In a unanimous decision on Thursday, the UK Court of Appeals found British Prime Minister Theresa May had acted unlawfully in her capacity as home secretary in 2014 when refusing entry to a group of refugees stranded in the controversial Richmond Village at the Sovereign British Bases (SBA) in Cyprus since 1998.
A case marred by protests and complaints of living in terrible conditions, the court found it would be “unreasonable and a failure of the obligations to the refugees if resettlement (to the UK) was not achieved rapidly.”
It urged the current home secretary to re-evaluate the decision which has left them stranded at the Dhekelia bases for close to 20 years.
“There can be no justification for any future decision which leaves these claimants’ position unresolved for any further length of time,” it added.
The claimants in the case of R [Bashir & Others] v SSHD are the heads of six refugee families, who were amongst a group of 75 individuals who washed ashore on the SBA in October 1998, after the boat they were travelling in from Lebanon to Italy foundered off the Cypriot coast.
Following their arrival on the SBA, the six were detained for months. They were released just over a year later after being recognised as refugees under the 1951 Refugee Convention following a procedure conducted in conjunction with the Home Office and the UN Refugee Agency (UNHCR).
For the last 18 years the six refugee claimants and their nineteen children have had to endure deteriorating living conditions on the SBA where they are housed in ex-military accommodation which was due to be demolished in 1997. Many of the children were born at the SBA and have spent their whole lives there.
The claimants have always maintained that the UK is legally responsible for them and owes them direct obligations under the Refugee Convention. They have argued that their rights as recognised refugees cannot be delivered in the SBA and that the only durable solution for them and their families is resettlement in the UK.
However, the UK government has consistently denied legal responsibility for the claimants and their families, arguing instead that the refugee convention was never extended to the SBA and that the families have no grounds on which to seek resettlement in the UK.
The decision in November 2014 by May who was then the home secretary found the refugee convention did not apply to the SBA as a matter of public international law.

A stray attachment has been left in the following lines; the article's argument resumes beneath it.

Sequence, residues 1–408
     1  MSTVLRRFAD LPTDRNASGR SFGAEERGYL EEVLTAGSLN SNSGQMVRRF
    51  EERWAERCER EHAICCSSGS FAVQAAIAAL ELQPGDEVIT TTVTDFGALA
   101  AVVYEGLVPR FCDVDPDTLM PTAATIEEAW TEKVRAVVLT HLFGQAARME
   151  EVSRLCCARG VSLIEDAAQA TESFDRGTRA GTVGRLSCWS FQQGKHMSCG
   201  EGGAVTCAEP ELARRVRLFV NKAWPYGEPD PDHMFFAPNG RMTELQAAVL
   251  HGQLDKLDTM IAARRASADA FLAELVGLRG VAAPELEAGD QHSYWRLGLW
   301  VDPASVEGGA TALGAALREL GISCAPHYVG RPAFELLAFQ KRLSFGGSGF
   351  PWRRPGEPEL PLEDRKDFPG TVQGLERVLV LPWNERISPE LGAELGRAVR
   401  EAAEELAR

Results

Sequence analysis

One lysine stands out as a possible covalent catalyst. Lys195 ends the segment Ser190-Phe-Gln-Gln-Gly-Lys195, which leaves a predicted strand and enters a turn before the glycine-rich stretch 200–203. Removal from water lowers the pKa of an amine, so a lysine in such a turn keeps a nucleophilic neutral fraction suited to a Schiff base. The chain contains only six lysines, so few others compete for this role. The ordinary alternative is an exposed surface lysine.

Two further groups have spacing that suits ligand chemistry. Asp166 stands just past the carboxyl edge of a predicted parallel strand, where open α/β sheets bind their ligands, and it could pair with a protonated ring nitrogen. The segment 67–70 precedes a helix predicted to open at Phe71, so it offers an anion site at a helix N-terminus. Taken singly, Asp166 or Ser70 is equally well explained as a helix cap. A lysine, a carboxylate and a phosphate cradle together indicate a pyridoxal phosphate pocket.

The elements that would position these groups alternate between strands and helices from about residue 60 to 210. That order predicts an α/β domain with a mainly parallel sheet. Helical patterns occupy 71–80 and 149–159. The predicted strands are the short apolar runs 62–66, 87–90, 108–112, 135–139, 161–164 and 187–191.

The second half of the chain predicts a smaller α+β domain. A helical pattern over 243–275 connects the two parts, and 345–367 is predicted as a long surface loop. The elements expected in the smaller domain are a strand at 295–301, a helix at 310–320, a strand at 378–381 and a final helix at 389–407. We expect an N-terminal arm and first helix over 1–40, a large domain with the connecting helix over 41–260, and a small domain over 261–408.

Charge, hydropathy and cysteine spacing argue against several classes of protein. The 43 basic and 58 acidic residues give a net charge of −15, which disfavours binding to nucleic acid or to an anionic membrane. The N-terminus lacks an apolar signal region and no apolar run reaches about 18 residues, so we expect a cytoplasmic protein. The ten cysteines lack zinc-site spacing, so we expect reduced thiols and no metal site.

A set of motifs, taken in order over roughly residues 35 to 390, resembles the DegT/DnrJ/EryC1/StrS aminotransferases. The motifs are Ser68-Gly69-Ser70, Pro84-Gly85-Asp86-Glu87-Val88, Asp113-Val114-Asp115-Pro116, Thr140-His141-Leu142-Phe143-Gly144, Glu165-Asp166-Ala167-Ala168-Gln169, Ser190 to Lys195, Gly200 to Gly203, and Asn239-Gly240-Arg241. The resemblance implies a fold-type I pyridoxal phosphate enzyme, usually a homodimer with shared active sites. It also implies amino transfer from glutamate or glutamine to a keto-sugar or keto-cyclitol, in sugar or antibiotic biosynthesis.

When the case went to the High Court however two years later, it ruled that the UK and the SBA were required to act within the spirit of the refugee convention because they adopted a policy to do so from the outset.
Following an appeal by both parties, the Court of Appeal on Thursday however went further, finding that the Refugee Convention does apply directly to the SBA by virtue of the earlier extension of the Refugee Convention to the colony of Cyprus in 1957.
As such, the United Kingdom owes direct obligations to the six refugee claimants by operation of public international law, court heard, while noting the UK has “ample resources” to fulfil its responsibilities under the Refugee Convention and thus requires the current Home Secretary, Amber Rudd, to reconsider whether to give the Claimants entry to the UK.
Refugee Tag Bashir who is the lead claimant on the case, said “we are delighted that the Court of Appeal has found in our favour and confirmed what we have always known: that we are the responsibility of the UK government.
“For the last eighteen years the UK government has sought to ignore us and has left us stranded on the SBA living in awful conditions. All we have ever wanted is an opportunity to work and make a future for our children. We hope that the Home Secretary will now allow us entry to the UK. We will keep fighting until she does.”
Tessa Gregory, a partner from the human rights team at Leigh Day who is representing the refugees said “our clients have been in legal limbo for 18 years living in wholly unacceptable conditions on a British military base. They have suffered enough. Now is the time for the government to show compassion and a ‘strong and stable’ resolve to address this situation which has festered for far too long. We hope the UK government will not seek to pursue further costly legal proceedings and will face up to its responsibilities by allowing this small group of recognised refugees entry to the UK.”
When the migrants had arrived in 1998, the bases had tried to pass the responsibility of the migrants onto the Cypriot authorities which refused, saying they were on British soil.
Before Cyprus joined the EU however, it signed a memorandum of understanding with Britain to take responsibility for any asylum seekers who might enter the British bases through Cypriot territory.
As it is, had the refugees been allowed to move to the UK, it would not have set a precedent for future asylum seekers arriving at the bases.
In an interview with the Sunday Mail two years ago, one of the migrants that lives in Richmond village Layali Ibrahim, who was actually born on the boat fleeing Lebanon, said her birth certificate, issued when she was about 14 by the SBA administration, states that she was born “off the coast of Akrotiri.”
The same report cited a psychological evaluation of the Richmond villagers conducted for the UNHCR which found that most feel “depressed, hopeless and helpless” and many of the adults suffer sleeping and eating disorders brought on by anxiety over their unresolved status and their inability to “satisfy the basic needs of their children” who “feel they belong nowhere”.